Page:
society composed of a variety of social
groups.
Dialectologists’ Position
 Dialects are not deviant forms of language, but
simply different systems with distinct subsets of
language patterns.
 All language varieties are systematic
 For any language feature, there are contexts in which
the form may be used and contexts in which it is not
typically used.
Appalachian Dialect Patterns
1a.
b.
2a.
b.
3a.
b.
4a.
b.
5a.
b.
Building is hard work.
She was building a house.
He likes hunting.
He went hunting.
The child was charming the adults.
The child was very charming.
He kept shocking the children.
The story was shocking.
They thought fishing was easy.
They were fishing this morning.
Further Patterns for Appalachian
a1a. They make money by building houses.
b. They make money building houses.
2a. You can’t make much money fishing.
b. You can’t make much money by fishing.
3a. People destroy the beauty of the mountains
through littering.
b. People destroy the beauty of the mountains
littering.
More Patterns for Appalachian
a1a.
b.
2a.
b.
3a.
b.
4a.
b.
She was disCOVering a trail.
She was FOLlowing a trai.
She was rePEATing the chant.
She was HOLlering the chant.
They were FIGuring the change.
They were forGETting the change.
The baby was RECognizing her mother.
The baby was WRECKing everything.
So what is
‘Formal Standard English’?
‘Formal Standard English’ is a variety (i.e., dialect)
of English that
 Is based on the written language of established
writers
 Has been codified in English grammar texts
 Is perpetuated in schools
 Is conservative and resistant to change
Then what is
‘Informal Standard English’?
Informal Standard English is a variety (i.e., dialect) of
English that
 Exists on a continuum, rather than a categorical
notion
 Is flexible with respect to specific features of regional
varieties
 Employs specific criteria to judge speech as standard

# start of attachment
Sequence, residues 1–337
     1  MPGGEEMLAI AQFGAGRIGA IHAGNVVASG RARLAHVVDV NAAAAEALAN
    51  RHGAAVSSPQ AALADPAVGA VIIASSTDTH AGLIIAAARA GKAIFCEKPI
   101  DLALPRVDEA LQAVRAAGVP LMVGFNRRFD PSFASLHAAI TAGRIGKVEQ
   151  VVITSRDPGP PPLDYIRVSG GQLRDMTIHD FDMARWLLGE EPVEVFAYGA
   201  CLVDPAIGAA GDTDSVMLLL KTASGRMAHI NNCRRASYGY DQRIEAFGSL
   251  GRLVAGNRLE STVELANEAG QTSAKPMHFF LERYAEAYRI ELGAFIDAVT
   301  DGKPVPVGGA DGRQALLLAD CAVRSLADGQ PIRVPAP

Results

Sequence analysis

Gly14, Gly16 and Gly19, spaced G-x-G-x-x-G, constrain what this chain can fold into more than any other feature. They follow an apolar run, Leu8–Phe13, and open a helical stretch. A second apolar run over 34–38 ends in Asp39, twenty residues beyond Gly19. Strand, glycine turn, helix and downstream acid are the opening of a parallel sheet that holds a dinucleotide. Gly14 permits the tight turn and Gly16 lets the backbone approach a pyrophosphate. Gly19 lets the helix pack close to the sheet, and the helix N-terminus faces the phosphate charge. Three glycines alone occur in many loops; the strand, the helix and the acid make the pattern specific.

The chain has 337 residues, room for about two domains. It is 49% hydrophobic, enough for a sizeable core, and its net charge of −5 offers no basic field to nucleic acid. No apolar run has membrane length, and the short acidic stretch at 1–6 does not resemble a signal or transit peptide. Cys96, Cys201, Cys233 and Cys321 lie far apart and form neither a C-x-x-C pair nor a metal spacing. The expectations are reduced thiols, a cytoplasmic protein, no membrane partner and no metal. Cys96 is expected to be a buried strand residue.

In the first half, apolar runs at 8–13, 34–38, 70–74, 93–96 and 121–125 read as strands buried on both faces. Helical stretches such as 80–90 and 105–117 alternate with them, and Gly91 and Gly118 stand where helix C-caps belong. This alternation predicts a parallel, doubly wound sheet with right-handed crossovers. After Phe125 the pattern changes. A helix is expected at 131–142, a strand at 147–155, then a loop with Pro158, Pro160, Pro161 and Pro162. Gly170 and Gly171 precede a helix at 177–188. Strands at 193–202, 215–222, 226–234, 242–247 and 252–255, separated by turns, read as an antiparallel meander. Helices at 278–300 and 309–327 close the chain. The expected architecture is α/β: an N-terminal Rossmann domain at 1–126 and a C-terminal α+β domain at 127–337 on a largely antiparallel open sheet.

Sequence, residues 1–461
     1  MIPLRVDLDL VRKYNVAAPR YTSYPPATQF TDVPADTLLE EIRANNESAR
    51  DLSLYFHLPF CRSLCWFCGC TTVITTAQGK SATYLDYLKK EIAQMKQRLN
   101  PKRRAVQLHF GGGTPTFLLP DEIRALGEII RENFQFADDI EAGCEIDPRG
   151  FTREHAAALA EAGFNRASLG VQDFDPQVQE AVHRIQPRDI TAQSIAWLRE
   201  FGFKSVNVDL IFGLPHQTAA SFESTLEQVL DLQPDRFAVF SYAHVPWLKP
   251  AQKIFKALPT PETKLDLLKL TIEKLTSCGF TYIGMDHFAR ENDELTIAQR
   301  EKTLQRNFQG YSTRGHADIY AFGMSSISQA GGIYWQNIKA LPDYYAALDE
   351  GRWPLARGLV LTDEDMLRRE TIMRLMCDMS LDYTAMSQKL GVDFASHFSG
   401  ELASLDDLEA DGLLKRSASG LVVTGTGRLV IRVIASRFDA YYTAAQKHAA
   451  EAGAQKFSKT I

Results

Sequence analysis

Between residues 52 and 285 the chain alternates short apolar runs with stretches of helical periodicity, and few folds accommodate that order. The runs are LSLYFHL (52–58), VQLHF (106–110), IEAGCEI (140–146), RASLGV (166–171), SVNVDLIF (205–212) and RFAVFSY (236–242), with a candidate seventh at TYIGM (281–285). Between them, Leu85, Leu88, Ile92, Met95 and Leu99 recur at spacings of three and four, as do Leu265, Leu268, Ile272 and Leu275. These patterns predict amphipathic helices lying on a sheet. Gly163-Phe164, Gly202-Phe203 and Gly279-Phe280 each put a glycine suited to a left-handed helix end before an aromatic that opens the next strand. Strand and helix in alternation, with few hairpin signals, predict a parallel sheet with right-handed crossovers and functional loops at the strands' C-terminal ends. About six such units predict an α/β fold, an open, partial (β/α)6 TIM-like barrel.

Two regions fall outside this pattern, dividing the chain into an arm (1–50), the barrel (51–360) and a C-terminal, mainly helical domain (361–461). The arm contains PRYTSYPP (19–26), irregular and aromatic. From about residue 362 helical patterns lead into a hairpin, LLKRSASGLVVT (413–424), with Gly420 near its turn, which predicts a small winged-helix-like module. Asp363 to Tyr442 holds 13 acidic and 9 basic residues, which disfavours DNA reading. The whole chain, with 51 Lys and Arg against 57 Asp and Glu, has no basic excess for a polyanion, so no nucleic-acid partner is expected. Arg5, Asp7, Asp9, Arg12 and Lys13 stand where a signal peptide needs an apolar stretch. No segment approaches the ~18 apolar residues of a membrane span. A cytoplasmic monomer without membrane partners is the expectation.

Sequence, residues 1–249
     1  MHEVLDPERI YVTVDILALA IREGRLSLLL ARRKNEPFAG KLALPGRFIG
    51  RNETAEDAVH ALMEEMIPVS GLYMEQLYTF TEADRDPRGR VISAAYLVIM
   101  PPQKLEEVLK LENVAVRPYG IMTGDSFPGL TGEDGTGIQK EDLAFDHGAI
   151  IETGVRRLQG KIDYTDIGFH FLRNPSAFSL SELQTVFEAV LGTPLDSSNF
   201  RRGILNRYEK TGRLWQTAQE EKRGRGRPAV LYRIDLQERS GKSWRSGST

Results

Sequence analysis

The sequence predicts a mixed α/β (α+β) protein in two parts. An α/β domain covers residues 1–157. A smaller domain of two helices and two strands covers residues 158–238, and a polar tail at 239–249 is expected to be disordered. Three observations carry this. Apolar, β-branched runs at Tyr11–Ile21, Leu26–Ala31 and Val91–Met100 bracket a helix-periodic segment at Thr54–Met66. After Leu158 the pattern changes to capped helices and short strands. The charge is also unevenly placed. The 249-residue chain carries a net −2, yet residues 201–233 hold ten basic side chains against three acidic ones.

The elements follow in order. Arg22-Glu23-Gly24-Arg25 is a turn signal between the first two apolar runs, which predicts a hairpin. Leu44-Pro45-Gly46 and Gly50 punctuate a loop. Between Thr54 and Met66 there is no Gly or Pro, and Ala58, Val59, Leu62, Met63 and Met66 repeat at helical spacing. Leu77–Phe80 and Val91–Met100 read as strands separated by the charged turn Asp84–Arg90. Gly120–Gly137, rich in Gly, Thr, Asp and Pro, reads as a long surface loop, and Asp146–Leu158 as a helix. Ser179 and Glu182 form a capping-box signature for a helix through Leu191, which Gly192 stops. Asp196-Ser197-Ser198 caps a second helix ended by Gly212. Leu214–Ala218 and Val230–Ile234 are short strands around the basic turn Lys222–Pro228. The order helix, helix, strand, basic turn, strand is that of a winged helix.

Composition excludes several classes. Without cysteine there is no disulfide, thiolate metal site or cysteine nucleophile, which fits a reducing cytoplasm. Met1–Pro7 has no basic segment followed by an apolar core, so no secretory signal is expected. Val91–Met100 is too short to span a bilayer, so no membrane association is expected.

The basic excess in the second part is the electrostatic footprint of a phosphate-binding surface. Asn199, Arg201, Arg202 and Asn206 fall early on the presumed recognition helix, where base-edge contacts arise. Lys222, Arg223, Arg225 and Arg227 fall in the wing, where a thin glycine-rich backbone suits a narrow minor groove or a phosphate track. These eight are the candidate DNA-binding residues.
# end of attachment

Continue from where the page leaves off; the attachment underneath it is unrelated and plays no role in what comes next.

 Is defined in terms of what it is not
 Avoidance of socially stigmatized forms, e.g.,
double negatives – ‘They didn’t do nothing.’
different verb agreement patterns – ‘They’s o.k.’
different irregular verb forms – ‘She done it.’
Continuum of Standardness
Standard--A---B---C---D---E—Nonstandard
Standard or non-standard?
 He’s not as smart as I.
 He’s not so smart as I.
 He ain’t as smart as me.
 He not as smart as me.
Standard or non-standard?
 He’s not to do that.
 He not supposed to do that.
 He don’t supposed to do that.
 He’s not supposed to do that.
Standard or non-standard?
 I’m right, ain’t I?
 I’m right, aren’t I?
 I’m right, am I not?
 I’m right, isn’t I?
 I’m right, isn’t it?
Standard or non-standard?
 A person should not change one’s speech.
 One should not change one’s speech.
 A person should not change their speech.
 A person should not change his or her speech.
‘Vernacular’ Dialects
 Varieties of language that are not classified as





standard dialects
Applied to spoken language
Exist on a continuum
Listener judgment essential in determining social
unacceptability
Usually characterized by presence of stigmatized
structures
Not all speakers use the entire set of structures
associated with that dialect
Labeling Vernacular Dialects
 Strong affective associations related to particular
labels
 Negro Dialect, Substandard Negro English,
Nonstandard Negro English, Black English AfroAmerican English, Ebonics, Vernacular Black English,
African American (Vernacular) English, African
American Language
 Latino/a English, Chicano/a English, Hispanic English,
Cholo
 California talk, valley girl, surfer
 Which do you prefer? Why? Are they the same?
 What do you call the vernacular you speak?
What’s ‘Standard’?
What’s a ‘Dialect’?
 Notice the different definitions of both
‘standard’ and ‘dialect’ found in the readings for
this lecture.
 Can you write a paragraph outlining the differences
siting sources read in class?
Descargar

Ling/Asia 122: English as a World Language